- Read entire post
- Edit, proof
- Develop headlines
- Share interally
- Edit, proof
- Read again, edit
- Rewrite headline
- Write meta description, SEO title
And it can change! Some people just need a pen and paper to begin writing content—everyone is different.
Take note of any parts of your current writing process that could be improved and make an effort to try something different next time. After establishing a repeatable process, you might turn to the help of some additional tools to enhance it.
Enhance Your Writing Process
Wordcounter.net is my absolute favorite tool for analyzing blog posts after I have reached a stopping point in my writing.
As you can see, Wordcounter provides a wealth of information about your work in progress, including:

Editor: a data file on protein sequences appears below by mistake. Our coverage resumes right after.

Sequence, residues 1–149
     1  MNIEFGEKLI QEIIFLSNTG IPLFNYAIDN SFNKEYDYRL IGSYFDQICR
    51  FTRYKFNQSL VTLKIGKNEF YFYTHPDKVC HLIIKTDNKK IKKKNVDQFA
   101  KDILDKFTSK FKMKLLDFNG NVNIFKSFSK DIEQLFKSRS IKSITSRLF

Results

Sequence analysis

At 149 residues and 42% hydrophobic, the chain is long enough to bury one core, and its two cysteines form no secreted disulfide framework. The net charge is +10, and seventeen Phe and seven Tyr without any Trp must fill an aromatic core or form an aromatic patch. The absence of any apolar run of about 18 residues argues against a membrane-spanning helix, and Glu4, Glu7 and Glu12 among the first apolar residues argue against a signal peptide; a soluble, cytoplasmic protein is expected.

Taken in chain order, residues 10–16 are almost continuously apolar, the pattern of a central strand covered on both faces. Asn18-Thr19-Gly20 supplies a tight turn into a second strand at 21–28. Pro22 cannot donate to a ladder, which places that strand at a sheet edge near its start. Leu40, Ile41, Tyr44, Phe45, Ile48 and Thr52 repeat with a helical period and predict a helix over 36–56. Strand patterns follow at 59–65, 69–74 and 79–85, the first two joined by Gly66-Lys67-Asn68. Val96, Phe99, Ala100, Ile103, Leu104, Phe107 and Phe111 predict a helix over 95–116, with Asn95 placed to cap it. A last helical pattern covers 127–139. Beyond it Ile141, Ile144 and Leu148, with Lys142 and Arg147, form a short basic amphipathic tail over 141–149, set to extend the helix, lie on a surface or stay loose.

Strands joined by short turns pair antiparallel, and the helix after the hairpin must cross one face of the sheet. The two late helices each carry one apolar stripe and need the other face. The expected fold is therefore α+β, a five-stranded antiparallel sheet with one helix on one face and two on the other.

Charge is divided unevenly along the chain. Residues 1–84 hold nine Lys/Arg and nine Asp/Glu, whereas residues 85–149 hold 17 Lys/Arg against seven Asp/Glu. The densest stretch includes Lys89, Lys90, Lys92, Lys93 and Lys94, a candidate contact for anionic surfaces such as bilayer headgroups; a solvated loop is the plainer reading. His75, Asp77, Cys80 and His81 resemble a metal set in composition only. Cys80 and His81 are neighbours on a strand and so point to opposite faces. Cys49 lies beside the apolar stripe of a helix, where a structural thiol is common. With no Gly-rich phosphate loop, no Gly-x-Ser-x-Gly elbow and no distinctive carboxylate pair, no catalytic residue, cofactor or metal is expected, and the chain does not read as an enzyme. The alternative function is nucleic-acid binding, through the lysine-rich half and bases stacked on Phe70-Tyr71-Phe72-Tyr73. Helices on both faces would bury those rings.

- Reading Time
- Keyword Density
- Reading Level/Difficulty
- Goal Setting
Look to Wordcounter if you are trying to write more conversationally by lowering the reading level of a piece or need to measure the frequency of a keyword in your writing for SEO purposes.
CoSchedule Headline Analyzer
Ever wonder what your headlines or page titles look like out in the wild? Coschedule’s Headline Analyzer offers an amazingly simple tool for finding out just that.
Many content creators don’t understand the level of control they have over the presentation of their content in the wild. If you are like me, then you care if your headlines are being cut short in search engine results or email subject lines.
This tool offers an easy way to jump into your customers shoes and view your headlines and page titles as they would appear in search engine results and email subject lines.
Beyond that, Coschedule’s Headline Analyzer will also guage emotional responses to your headline and provide insights into length and word choice.